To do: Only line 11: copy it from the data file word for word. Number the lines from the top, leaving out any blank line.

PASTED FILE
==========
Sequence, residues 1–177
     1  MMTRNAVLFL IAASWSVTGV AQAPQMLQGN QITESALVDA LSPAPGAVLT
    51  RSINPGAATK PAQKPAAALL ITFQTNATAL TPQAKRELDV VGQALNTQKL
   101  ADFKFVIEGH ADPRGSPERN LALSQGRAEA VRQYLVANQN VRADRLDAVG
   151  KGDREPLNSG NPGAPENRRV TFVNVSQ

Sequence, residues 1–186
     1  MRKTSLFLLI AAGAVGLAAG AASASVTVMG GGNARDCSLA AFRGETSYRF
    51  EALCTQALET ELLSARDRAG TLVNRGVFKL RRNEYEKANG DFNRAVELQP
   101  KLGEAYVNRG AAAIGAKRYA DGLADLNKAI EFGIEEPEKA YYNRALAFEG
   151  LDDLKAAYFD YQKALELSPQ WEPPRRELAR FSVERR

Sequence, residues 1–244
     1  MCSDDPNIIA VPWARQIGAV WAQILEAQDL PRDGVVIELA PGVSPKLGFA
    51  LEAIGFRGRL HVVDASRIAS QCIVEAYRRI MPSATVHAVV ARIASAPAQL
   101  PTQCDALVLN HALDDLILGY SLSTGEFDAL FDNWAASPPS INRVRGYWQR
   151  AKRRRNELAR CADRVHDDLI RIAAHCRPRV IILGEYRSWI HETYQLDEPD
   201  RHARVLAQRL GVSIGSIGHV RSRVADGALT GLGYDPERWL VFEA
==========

Sequence, residues 1–244